RISMEDIA, Sept. 17, 2007-The 2006 Home Mortgage Disclosure Act (HMDA) data released today by the Federal Reserve Board suggests that an increase in high-cost lending has increased mortgage delinquencies and is a significant contributor to the mortgage meltdown.
The data confirms that stubborn, persistent, and significant racial differences in the level of high-cost lending have continued across the country. The Federal Reserve’s analysis also suggested that the rise of exotic lending and prominent role of mortgage brokers have fueled an unsafe and unsound marketplace featuring a lack of accountability.”Dangerous lending practices are placing minorities, working class, and even middle-income borrowers at risk of losing their home,” said NCRC President & CEO John Taylor. “Once again, the HMDA data shows that racial differences in lending are getting worse, and they’re fueling increased delinquencies. The Federal Government needs to make sure that the mortgage industry is properly regulated.”
Dangerous lending practices loomed ominously in the housing market in 2006. Twenty two percent of home purchase loans in 2006 had “piggyback” or junior lien loans. The significant growth in piggyback lending since 2004 has left many borrowers highly leveraged in debt and in unaffordable housing situations. After controlling for economic factors, the Federal Reserve also found that the increase in high-cost lending increased serious delinquencies. Areas of the country with the highest levels of serious delinquency were the Midwest (Ohio, Indiana, Michigan), the south Atlantic region, the Gulf Coast; and portions of Texas, Oklahoma, and Colorado.
Meanwhile, after controlling for borrower and lender characteristics, the Federal Reserve found that 30.3% of the home purchase loans to African- Americans were high cost. In contrast, only 17.7% of the purchase loans received by whites were high-cost in 2006. This difference of 12.6 percentage points in 2006 was higher than the difference (10 percentage points) in 2005. Likewise, Hispanics received a much higher portion of high-cost loans after controlling for borrower and lending characteristics; 24% of the home purchase loans received by Hispanics were high-cost in 2006.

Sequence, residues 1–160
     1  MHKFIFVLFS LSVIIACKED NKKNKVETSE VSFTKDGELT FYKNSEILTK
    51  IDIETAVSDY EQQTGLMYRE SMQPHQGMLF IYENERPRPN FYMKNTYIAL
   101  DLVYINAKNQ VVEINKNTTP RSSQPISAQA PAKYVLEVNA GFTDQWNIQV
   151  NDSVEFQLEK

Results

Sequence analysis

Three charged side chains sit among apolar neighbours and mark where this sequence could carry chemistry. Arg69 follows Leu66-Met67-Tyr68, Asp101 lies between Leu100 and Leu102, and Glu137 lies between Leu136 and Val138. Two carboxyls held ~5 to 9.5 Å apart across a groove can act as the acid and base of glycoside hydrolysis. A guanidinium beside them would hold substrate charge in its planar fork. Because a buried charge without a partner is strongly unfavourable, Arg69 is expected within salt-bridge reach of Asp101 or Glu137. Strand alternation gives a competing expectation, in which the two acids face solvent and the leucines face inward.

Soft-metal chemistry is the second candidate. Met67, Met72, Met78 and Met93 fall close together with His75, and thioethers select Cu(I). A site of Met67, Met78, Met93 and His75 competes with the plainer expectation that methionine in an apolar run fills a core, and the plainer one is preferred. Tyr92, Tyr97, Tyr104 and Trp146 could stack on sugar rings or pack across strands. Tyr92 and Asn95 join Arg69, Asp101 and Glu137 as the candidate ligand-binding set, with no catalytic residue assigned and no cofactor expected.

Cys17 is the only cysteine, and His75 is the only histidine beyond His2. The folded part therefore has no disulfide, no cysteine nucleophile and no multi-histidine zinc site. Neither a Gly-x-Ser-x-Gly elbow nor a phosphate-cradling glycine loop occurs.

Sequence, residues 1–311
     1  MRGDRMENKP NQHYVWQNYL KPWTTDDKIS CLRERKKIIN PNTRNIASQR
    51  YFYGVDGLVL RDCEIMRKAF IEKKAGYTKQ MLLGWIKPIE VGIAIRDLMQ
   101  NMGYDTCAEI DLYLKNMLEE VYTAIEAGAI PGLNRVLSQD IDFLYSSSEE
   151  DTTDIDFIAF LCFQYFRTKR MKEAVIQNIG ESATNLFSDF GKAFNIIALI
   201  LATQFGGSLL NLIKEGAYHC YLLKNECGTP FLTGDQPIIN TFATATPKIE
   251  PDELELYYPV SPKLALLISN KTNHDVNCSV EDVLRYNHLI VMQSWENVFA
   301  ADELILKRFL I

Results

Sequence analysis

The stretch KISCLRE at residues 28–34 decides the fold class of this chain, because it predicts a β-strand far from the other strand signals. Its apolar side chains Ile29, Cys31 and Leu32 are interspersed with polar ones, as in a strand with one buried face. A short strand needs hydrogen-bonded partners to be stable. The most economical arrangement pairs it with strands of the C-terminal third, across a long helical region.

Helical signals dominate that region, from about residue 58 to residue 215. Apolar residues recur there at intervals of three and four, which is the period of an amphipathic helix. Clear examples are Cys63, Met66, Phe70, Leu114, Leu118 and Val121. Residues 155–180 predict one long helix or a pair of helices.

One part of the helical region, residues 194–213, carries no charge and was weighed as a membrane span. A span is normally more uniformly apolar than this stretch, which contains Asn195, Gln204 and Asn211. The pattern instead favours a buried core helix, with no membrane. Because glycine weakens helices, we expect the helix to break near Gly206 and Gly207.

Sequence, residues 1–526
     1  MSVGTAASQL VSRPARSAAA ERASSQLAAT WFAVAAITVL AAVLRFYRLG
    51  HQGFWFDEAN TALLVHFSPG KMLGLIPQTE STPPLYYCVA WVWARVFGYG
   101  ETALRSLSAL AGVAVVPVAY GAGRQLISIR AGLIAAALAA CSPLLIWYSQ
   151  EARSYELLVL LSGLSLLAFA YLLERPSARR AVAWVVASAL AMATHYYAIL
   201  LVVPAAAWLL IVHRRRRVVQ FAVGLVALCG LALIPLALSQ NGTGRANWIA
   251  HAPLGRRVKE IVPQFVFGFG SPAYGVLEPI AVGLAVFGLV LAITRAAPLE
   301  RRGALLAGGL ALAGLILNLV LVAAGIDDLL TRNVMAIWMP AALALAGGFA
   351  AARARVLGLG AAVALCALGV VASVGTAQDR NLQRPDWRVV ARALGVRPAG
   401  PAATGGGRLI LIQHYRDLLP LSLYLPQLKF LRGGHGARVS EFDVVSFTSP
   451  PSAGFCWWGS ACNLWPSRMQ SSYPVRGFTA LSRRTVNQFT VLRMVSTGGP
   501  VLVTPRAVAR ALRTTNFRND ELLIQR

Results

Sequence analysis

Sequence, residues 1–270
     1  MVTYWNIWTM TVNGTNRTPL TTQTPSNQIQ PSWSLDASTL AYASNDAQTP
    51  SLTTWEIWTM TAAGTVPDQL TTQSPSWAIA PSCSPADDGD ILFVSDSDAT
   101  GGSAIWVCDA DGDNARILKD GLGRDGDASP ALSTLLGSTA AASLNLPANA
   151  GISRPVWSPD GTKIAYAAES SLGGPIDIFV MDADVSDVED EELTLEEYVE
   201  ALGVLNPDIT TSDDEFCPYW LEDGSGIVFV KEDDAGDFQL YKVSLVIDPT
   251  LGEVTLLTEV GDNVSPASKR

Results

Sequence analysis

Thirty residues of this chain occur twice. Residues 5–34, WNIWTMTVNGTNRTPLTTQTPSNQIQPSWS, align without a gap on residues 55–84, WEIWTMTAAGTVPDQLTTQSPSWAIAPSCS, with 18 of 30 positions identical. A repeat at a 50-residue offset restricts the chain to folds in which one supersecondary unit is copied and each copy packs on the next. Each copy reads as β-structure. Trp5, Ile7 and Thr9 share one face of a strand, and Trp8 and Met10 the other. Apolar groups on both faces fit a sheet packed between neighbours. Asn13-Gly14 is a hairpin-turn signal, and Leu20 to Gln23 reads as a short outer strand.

“Unsound loan underwriting has saddled working borrowers with too much debt. In the housing boom of recent years, lenders layered risk upon risk in a mad rush to out-compete their peers. Now, the damage is becoming clear and evident. Federal agencies must crack down on discriminatory and abusive lenders. To date, the Department of Justice has not settled one discrimination case using the home loan data with pricing information. In the final analysis, only a national anti-predatory lending bill with
comprehensive protections for consumers can create uniform and responsible practices,” concludes John Taylor.
National Community Reinvestment Coalition (NCRC) is a national non-profit membership organization that promotes economic justice and equal access to credit, capital and financial services to traditionally underserved communities.
For more information on NCRC, visit http://www.ncrc.org or call 202-628-8866.